Protecting our sustainable food supply starts with protecting crops while they are still in the ground or on the tree or vine. To that end, farmers and ranchers rely on a variety of tools and techniques as they grow the crops that will become our food, fiber and renewable fuel. Specific methods of crop protection vary from farm-to-farm based on regional climate and specific threats to crops, such as weeds, pests and invasive species. Crop protection tools, like herbicides also enable environmentally beneficial practices such as reduced- or no-till, which sequester carbon and promote healthy soils. Additionally, it’s critical farmers have access to a variety of pesticides to ensure the most effective product can be used for the targeted pest and prevent resistance issues. Above all, safety is the top priority for farmers when using any kind of pesticide, and thanks to advances in technology, farmers can be precise in their applications, down to the individual plant.
Crop protection tools enable environmentally beneficial practices and help farmers sequester carbon and promote healthy soils.
All crop protection tools—insecticides, herbicides, fungicides, etc.—are highly regulated federal agencies under the Federal Insecticide, Fungicide, and Rodenticide Act (FIFRA) and the Federal Food, Drug and Cosmetic Act.
Registering a Pesticide
Before a new pesticide* goes to market in the U.S., the Environmental Protection Agency must register the product. To register a pesticide for use, whether organic or conventional, EPA must ensure that the chemical will perform its intended function without harming the environment, while also weighing the economic, social and environmental costs and benefits of the pesticide. This process involves extensive data from hundreds of studies and an exhaustive government review process, which uses very conservative assumptions applying the toughest standards of any environmental law in the U.S.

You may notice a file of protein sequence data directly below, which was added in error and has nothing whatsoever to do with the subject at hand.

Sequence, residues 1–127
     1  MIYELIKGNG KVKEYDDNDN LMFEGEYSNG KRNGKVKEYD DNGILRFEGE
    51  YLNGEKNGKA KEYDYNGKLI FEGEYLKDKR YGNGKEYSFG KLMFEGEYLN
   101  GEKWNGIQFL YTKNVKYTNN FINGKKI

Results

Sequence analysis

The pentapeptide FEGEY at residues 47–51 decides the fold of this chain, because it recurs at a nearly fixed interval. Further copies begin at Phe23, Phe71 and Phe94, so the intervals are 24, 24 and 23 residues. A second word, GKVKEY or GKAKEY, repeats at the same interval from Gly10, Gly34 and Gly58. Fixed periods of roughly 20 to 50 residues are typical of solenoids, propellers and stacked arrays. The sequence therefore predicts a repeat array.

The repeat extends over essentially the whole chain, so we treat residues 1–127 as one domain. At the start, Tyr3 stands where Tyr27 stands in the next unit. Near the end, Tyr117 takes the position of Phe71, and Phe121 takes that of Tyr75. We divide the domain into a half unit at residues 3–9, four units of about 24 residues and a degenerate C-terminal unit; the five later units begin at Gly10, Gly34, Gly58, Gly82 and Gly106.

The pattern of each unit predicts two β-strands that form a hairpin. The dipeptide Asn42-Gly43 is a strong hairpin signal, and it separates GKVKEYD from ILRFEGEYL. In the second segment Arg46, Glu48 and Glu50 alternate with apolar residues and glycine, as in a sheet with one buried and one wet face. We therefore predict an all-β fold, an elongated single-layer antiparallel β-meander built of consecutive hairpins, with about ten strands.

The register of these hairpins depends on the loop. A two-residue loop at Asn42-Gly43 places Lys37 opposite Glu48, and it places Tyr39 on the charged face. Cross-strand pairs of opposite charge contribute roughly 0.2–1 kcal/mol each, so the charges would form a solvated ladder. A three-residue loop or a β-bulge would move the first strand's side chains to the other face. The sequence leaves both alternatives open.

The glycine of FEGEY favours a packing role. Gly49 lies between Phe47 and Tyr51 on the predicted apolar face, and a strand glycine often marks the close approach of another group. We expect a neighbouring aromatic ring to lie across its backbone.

The safety of their families, employees, consumers and the environment is the top priority for farmers in every region and commodity, and they rely on the science-based review process at EPA to regulate and provide safety guidance on pesticide use. Before registering a pesticide, EPA must determine there is a “reasonable certainty of no harm” according to clearly outlined safety factors in the FFDCA–including explicit considerations of possible risks to infants and children from pesticide residues. Those residues are also under close scrutiny through the FFDCA, to ensure all foods meet the highest standards for consumer safety.
*Congress has mandated that all older pesticides also meet modern scientific standards.